Five questions entering SEC Media Days, Day 1

With 14 coaches, scores of players and hundreds of media members descending on the Wynfrey Hotel in Hoover, Ala., for the start of SEC Media Days, the football news will be coming fast and furious for the rest of the week. Here are five questions that should be answered on Day One:  

Have Missouri players and coaches learned anything from their last appearance on this stage?

Things didn’t go well for Mizzou in its first Media Days outing. For starters, Gary Pinkel chose the largest media boiler room of the year to offer an off-the-cuff defense of former Penn State coach Joe Paterno just one week after the Freeh Report became public.

“He was a great man, a good man,” Pinkel said of Paterno, who was harshly indicted in Louis Freeh’s report on the Jerry Sandusky scandal. “I’m sure he would, maybe if he could do it over again, he would have followed up on a few things. But don’t take away all this guy did, and to sit there and blame him for all this, I think is wrong.”  

That comment drew criticism from all quarters, even some back home. Missouri State Representative Sara Lampe put out a written statement chastising Pinkel and calling his support of Paterno “indefensible.”

As if that fumble was not damaging enough, several Missouri players shrugged at the suggestion that they didn’t know what to expect in the SEC. Receiver T.J. Moe joked about it, and in so doing provided the quote of the week: “They’ve also got prettier girls (in the SEC), the air’s fresher and the toilet paper’s thicker.”   

Missouri finished the season 5-7 overall, 2-6 in the conference. Here’s hoping Pinkel and his players are a little better prepared this time around.

What will Clowney say? 

Will a defensive player win the Heisman? That will certainly be one of the questions posed to South Carolina defensive end Jadeveon Clowney, who will be making his Media Days debut on Tuesday. How he responds to a ballroom full of reporters is one of this week’s primary points of interest.

Will Clowney say something untoward? Given the media training most of players receive, gaffes are unlikely. But you never know what a 20-year-old will say when he gets on a big stage for the first time.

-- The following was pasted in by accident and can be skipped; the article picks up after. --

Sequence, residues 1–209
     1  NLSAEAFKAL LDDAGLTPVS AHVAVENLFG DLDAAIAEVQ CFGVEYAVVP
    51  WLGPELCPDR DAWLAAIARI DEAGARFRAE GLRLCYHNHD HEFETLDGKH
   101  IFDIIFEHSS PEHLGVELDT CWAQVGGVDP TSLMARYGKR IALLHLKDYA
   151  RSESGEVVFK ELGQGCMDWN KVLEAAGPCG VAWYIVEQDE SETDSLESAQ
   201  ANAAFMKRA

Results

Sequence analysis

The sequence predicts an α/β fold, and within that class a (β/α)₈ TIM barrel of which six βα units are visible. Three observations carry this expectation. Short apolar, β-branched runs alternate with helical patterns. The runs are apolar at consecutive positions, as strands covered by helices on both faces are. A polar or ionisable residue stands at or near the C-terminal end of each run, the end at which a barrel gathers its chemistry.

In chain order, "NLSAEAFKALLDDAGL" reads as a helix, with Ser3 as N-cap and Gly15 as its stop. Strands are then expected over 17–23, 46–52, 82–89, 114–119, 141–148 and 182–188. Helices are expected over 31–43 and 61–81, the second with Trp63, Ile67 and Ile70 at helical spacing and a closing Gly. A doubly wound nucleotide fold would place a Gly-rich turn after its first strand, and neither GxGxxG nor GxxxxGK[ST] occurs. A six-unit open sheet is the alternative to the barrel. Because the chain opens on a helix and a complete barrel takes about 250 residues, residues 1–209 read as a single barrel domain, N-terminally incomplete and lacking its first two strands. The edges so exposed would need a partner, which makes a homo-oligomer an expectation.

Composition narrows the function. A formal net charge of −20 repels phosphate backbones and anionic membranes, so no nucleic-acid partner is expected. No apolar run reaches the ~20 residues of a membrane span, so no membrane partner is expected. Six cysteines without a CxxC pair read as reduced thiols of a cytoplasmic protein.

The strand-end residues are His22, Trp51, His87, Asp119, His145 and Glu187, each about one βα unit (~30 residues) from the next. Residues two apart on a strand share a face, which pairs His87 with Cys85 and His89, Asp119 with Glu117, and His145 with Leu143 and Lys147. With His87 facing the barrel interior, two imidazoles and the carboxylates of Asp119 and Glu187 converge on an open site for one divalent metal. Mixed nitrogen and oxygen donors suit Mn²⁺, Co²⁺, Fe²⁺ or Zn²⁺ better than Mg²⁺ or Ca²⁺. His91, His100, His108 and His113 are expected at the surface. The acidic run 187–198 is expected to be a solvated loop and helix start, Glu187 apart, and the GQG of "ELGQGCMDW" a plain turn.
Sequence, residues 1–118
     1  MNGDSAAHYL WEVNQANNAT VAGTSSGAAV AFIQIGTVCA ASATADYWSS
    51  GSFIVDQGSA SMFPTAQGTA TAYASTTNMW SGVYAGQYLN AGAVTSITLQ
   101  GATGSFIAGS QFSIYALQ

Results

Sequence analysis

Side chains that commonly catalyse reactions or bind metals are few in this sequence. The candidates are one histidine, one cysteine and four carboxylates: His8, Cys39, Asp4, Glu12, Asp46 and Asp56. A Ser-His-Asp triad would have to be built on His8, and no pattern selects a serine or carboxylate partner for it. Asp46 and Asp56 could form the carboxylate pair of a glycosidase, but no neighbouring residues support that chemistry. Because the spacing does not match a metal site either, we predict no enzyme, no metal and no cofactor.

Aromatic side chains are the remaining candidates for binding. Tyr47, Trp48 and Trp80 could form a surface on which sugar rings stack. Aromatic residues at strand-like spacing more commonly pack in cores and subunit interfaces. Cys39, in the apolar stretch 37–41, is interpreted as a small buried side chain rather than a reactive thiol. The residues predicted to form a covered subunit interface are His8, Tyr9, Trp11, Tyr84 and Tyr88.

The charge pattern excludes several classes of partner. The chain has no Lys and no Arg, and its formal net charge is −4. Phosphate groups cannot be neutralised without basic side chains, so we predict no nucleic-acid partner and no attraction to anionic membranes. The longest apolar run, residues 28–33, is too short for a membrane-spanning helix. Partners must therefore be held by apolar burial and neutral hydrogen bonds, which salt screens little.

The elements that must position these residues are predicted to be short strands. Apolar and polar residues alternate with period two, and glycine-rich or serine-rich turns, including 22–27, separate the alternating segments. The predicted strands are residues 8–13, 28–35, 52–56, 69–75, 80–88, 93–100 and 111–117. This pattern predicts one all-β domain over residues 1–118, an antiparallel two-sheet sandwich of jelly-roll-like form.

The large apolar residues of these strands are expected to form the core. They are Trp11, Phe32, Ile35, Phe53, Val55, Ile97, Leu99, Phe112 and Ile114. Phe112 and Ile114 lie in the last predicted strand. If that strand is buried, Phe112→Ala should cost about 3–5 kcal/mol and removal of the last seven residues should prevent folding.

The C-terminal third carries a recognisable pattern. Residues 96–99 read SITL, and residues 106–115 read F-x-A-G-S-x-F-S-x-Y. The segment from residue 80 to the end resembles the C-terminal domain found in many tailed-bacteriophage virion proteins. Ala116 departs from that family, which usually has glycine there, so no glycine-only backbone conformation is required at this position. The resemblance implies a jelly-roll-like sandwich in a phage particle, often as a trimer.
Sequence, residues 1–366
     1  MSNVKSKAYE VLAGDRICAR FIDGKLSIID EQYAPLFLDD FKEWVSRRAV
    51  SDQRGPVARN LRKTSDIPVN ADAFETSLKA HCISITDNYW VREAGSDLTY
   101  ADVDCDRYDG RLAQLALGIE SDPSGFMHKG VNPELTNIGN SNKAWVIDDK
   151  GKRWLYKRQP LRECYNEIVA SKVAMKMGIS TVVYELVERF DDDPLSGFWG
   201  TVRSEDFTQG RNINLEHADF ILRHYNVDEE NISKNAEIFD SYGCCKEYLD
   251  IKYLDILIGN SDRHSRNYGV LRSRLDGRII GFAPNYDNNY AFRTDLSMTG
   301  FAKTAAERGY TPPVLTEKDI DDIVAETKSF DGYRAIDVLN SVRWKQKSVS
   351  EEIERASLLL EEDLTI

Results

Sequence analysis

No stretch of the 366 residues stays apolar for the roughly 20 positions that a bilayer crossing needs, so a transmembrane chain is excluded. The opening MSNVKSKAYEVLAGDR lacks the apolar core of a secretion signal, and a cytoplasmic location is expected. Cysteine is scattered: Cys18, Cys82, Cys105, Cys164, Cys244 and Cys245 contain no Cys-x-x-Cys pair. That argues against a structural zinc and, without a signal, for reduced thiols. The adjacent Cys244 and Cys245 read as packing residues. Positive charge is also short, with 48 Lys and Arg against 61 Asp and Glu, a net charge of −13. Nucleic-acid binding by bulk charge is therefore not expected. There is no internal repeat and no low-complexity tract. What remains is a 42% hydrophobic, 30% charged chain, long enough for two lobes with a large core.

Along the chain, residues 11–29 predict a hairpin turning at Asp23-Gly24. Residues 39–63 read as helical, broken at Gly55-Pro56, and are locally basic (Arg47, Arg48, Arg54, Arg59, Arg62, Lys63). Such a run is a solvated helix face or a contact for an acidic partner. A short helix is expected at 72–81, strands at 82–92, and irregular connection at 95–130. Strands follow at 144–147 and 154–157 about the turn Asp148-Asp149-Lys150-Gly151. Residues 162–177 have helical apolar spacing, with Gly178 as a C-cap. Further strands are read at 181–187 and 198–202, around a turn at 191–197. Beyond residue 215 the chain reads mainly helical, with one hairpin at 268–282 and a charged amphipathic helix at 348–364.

One thing is for certain: the entire assembled press corps will be hanging on Clowney’s every word.  

Do the Florida Gators have the offensive firepower to win the SEC in Will Muschamp’s third season?

Don’t expect Muschamp or his players to give much of an answer to that question. In his first two years at Media Days, Muschamp has looked like a hostage reading a ransom note. No one expects him to have transformed into Zig Ziglar since last year, but Muschamp will need to answer some pointed questions about his offense — especially his receiving corps.

With the defense losing some key pieces from last season — Sharrif Floyd, Matt Elam, Josh Evans, Jon Bostic and Jelani Jenkins — the Gators’ offense will need to show marked improvement for the team to make a return trip to a BCS bowl.

Can Hugh Freeze keep the momentum going? 

Last year, a jaded bunch of reporters who have heard every motivational speech since Bear Bryant’s grumblings three decades ago, stood transfixed by Ole Miss’s Hugh Freeze, who descended onto Media Days like an evangelist.   

Freeze didn’t dodge questions about recruiting or the troubles that his school had faced in the past. He laid out his philosophy, his plans and his expectations, which would have sounded crazy coming from anyone else. From Freeze, talk of contending for an SEC Championship at Ole Miss seemed downright reasonable.  

Ole Miss’ recruiting class was also one of the best in the nation. How that will translate into wins remains to be seen, but you can bet Freeze will be ready with an answer.

Will South Carolina really go with a two-quarterback system? 

Coaches always threaten to platoon quarterbacks, but in the end very few follow through — at least not after the first game or two. Steve Spurrier is notoriously hard on his QBs, benching those who don’t run his offense the way he would if he were still taking snaps.

This year, however, Spurrier has two legitimate starters — Connor Shaw, who had foot surgery in January but went skydiving in June, and Dylan Thompson, a better pro-style quarterback than Shaw with tremendous arm strength.

“They both deserve to play, and I’d say we’ll end up needing them both next season,” Spurrier said in the spring.  

That isn’t exactly a nod to a two-quarterback system, but it is close. You can bet on Spurrier remaining cagey on the subject at Media Days and probably beyond.